Lower fuel prices should translate into cheaper goods

Due to decreasing fuel prices on the world market, the government has announced a reduction on petrol and gas oil prices by 4.761 percent starting Monday, October 6. This directly translates into pump prices for petrol and diesel going from the current Frw924 to Frw880.

Due to decreasing fuel prices on the world market, the government has announced a reduction on petrol and gas oil prices by 4.761 percent starting Monday, October 6. This directly translates into pump prices for petrol and diesel going from the current Frw924 to Frw880.

This is good news for consumers, because reduced fuel costs may mean reduced costs for consumer goods as well. It is possible that market prices may take a while to adjust to this positive development, but adjust they should, or they should be helped to.

The government heavily subsidises fuel – as high as 100 percent on diesel and 77 percent on petrol in the last four months – so it has the moral and economic mandate to regulate some prices for basic items like transport and essential food items, so that its population is not unduly exposed to unfair business practices of sharp and grasping middle men.

One of the things most appreciated about this government is its fair and transparent way of dealing with its citizens. A government that is bent on maximising returns and boosting its national coffers in the short run, would just keep quiet about the decreased prices, and let the citizens suffer the heavy cost without getting respite.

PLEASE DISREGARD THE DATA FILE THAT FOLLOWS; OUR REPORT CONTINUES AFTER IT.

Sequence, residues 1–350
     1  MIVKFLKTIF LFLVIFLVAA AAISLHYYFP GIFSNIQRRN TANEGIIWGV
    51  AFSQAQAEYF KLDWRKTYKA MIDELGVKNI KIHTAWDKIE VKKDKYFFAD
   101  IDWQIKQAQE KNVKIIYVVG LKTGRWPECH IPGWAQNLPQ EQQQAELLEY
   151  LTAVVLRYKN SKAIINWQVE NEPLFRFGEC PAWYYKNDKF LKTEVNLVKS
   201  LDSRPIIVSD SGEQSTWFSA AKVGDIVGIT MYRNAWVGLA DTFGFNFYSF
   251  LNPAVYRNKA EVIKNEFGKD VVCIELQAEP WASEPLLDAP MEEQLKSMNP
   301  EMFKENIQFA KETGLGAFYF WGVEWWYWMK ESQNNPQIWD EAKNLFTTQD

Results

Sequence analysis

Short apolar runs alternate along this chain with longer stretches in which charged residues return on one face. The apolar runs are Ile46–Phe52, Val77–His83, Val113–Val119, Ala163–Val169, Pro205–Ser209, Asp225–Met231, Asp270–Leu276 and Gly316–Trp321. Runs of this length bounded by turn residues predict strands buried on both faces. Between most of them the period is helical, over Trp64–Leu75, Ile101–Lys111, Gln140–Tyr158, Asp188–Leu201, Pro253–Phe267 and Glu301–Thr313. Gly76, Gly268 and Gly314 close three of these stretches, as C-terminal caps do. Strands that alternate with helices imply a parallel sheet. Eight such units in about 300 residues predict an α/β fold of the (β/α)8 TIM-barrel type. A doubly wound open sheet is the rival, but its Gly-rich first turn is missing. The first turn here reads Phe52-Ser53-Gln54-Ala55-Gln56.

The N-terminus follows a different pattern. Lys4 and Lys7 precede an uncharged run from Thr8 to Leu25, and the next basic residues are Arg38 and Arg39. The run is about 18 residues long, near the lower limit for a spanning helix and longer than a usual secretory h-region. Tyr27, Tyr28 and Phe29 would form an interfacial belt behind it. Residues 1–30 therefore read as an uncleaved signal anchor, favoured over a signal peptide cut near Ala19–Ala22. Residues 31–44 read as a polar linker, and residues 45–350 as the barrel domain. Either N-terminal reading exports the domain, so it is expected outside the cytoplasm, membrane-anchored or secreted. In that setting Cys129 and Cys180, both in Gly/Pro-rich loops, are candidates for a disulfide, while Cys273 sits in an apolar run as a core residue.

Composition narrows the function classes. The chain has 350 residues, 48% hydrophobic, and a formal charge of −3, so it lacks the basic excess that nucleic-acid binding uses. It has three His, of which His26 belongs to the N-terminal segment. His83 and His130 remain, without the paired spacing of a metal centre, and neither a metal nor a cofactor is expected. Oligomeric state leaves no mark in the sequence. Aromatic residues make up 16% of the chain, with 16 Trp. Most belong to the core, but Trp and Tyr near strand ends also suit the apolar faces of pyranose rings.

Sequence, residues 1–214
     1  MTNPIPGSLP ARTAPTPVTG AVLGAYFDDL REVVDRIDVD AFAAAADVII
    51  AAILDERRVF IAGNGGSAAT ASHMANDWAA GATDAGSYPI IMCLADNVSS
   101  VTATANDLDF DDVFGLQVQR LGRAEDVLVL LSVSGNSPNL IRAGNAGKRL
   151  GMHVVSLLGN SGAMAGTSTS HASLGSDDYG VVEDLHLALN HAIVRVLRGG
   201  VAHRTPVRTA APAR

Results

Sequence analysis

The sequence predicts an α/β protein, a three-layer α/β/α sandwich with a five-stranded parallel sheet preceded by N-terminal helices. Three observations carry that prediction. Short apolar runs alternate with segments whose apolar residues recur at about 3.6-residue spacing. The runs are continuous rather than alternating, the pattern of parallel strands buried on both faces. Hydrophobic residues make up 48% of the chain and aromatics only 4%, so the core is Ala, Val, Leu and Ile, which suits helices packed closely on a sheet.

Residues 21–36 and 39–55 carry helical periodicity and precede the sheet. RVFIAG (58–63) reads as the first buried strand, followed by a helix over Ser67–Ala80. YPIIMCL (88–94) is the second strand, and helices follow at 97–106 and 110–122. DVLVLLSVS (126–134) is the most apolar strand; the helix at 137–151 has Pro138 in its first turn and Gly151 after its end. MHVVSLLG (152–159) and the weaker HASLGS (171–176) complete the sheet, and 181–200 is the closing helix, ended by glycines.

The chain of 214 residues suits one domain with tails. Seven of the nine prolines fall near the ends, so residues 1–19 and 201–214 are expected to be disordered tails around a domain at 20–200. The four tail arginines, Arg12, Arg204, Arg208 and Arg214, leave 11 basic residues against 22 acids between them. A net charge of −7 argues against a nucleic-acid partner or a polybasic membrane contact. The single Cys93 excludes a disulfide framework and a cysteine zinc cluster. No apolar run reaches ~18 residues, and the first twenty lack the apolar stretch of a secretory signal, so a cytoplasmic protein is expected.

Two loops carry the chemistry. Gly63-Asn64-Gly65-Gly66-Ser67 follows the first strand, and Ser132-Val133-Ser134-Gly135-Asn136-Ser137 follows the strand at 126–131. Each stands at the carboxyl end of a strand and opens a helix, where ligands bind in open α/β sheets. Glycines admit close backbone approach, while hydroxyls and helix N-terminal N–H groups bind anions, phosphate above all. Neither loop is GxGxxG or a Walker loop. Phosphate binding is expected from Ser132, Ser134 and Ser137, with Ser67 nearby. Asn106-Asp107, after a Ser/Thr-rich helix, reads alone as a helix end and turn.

A survey around the regional market will show unchanged cost trends despite lower fuel costs; and for being sensitive to development and having a genuine wish for a lower cost of living for its citizens we applaud this government action.

Having such a sensitive feel for the economy is essential in development, for the market cannot be left to take care of itself entirely without any measures of control; it is this that has brought the American economy, and thence the world, to grief – a complete faith in the financial market to take care of itself without close regulation.

Rwanda is just coming out of the bottom of the ditch; that is why it is desirous of keeping a finger closely on the pulse of business finance, thus shielding its citizens from the rough and tumble of fickle world markets which would put most necessities out of reach of the ordinary citizen without such subsidies.  

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